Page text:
The reported production quantity of this medal is 750 pieces in bronze.

    73.0mm (2.87in)
    Golden bronze with tan patina
  • Prudential Insurance / Wave of Life1952

    The obverse bears a reclining nude couple on a dais above waves with a child between them. Around, ARKANSAS - KANSAS - LOUISIANA - MISSISSIPPI - MISSOURI / OKLAHOMA / TEXAS; below, 1952; signed WW. The reverse bears an image of the Prudential Building in Houston. Around, THE PRUDENTIAL INSURANCE COMPANY - OF AMERICA; below, SOUTHWESTERN HOME OFFICE.

    Wheeler Williams had created a sculpture called Wave of Life for a fountain in front of the newly erected Prudential Building on 1100 Holcombe Blvd. in Houston. Prudential commissioned him to also create a medal celebrating the opening of their new regional headquarters. The building was taken over by the University of Texas in 1975 and demolished in 2012.

  • International Commerce Building Panel Detail

    Pediment of Interstate Commerce Commission Building (1935)

    Wheeler Williams created this sculpture for the pediment of the Interstate Commerce Building in Washington, D.C. in 1935. This picture shows a beautiful detail of the entire pediment. Complete views are available here. Williams also created the sculpture for the building's tympanum.

    A larger version of the image can be found here.

  • Bay Shore Post Office Relief

    Speed (1936)

    In addition to its architectural importance, the downtown post office in Bay Shore, New York contains a relief sculpture entitled Speed by Wheeler Williams that was commissioned by the Treasury Section of Painting and Sculpture in 1936. This was one of the New Deal art programs during the 1930's which created murals and other public art for public buildings. Williams emphasizes the speed of communication by mail with his sculpted image of Mercury, the messenger and god of commerce and travel. The Penataquit Station Post Office was entered in the National Register of Historic Places on November 17, 1988.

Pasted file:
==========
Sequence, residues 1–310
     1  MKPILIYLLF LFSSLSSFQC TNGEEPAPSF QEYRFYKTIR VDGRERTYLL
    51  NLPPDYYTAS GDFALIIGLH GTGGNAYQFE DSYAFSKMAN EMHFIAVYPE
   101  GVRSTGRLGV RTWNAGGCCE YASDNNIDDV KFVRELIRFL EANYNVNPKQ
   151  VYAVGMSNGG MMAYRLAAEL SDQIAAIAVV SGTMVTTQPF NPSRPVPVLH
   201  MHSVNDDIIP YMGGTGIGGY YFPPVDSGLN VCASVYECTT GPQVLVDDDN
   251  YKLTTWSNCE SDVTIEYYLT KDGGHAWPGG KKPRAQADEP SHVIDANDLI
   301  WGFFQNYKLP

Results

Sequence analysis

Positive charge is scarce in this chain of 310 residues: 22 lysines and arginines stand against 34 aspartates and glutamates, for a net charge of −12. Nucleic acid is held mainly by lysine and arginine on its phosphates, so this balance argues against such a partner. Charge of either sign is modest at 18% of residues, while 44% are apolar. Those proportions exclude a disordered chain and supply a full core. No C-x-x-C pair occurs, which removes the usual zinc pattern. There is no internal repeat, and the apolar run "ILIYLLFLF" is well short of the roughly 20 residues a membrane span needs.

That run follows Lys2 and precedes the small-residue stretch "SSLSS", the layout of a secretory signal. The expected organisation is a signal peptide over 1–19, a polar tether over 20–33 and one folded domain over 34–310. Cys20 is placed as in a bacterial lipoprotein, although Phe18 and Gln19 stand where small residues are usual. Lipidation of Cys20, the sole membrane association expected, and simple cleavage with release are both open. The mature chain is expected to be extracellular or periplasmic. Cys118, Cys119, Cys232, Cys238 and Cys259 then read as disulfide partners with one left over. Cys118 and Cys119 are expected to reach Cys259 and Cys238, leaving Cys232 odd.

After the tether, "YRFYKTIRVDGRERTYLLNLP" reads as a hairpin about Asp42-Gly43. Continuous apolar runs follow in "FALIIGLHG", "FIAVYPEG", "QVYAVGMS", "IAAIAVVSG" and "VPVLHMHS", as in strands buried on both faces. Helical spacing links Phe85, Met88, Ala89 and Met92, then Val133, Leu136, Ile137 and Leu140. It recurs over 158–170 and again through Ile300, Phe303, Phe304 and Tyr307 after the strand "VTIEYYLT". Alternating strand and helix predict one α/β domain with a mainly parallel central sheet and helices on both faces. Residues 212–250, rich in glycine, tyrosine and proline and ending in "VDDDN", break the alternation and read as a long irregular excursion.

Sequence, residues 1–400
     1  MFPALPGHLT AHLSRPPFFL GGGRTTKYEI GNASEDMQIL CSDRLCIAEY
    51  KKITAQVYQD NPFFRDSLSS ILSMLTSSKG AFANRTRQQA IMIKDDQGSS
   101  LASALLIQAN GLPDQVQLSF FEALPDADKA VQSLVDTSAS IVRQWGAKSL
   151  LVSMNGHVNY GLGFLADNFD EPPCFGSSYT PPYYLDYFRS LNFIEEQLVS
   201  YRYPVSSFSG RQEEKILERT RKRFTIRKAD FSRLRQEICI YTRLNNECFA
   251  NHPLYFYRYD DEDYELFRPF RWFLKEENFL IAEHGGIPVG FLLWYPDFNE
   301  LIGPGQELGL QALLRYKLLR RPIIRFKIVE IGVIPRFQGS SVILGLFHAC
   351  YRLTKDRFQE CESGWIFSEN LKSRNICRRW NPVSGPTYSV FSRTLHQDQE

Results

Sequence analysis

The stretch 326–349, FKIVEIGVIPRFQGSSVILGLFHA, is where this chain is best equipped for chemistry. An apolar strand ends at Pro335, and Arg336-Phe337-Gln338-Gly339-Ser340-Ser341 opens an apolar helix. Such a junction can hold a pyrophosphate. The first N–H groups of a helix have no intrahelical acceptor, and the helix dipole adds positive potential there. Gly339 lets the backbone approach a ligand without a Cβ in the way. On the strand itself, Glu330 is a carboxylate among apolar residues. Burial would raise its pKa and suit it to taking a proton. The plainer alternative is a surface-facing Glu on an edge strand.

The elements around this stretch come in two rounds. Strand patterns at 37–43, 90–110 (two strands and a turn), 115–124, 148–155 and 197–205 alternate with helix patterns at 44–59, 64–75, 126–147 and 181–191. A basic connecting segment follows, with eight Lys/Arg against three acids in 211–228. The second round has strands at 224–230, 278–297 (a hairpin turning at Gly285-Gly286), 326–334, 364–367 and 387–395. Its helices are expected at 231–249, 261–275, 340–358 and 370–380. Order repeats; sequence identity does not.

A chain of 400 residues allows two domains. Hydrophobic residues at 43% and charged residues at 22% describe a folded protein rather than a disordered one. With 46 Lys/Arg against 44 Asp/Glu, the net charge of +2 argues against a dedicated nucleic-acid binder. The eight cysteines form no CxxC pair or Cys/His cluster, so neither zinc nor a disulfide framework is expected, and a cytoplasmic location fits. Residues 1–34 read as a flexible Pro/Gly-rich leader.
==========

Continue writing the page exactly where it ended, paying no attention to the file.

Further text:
Used with permission from Living New Deal . The original image can be found here. The image is copyrighted by the owner © All Rights Reserved.

  • Canal Street Post Office Relief

    Indian Bowman (1938)

    The federal Treasury Department's Section of Fine Arts funded a terra-cotta relief by Wheeler Williams entitled "Indian Bowman" to be installed in the newly constructed Canal Street post office.

    Used with permission from Living New Deal . The original image can be found here. The image is copyrighted by the owner © All Rights Reserved.

  • Wave of Life

    Wave of Life (1952)

    Wheeler Williams created this sculpture for the Prudential S.W. regional office building in Houston, Texas. The building was constructed in 1952 under architect Kenneth Franzheim. Wave of Life was the centerpiece of a fountain in front of the building. The University of Texas took over the building in 1975 and tore it down in 2012 to make way for a new building. The sculpture remains in front of the building.

    Wheeler also created a commemorative medal for the Prudential Insurance Company that carried a bas-relief representation of the sculpture on its obverse.

    A larger version of the image can be found on

  • Muse of the Missouri

    Muse of the Missouri (1960)

    Wheeler Williams created this sculpture for a fountain in the heart of downtown Kansas City. The figure represents a goddess bestowing her interest and guidance on the Missouri River. Williams had originally intended to use fish native to the river spilling from the net. However, he found catfish too ugly and carp unworkable. The nine fish netted by the muse are a hybrid using a carp body and bluefish head. There are 200 spouts of water making up the total fountain display. The metal fish net created a problem for the artist and a special machine had to be created to weave it. It was conserved extensively in 2005.

    A larger version of the image can be found here.

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Books & Articles

American Art Medals, 1909-1995 by David Thomason Alexander
David T. Alexander's book can be purchased at the above link. Highly recommended for anyone interested in SOM. I am deeply indebted to him for all the information I used to document the SOM medals on this site.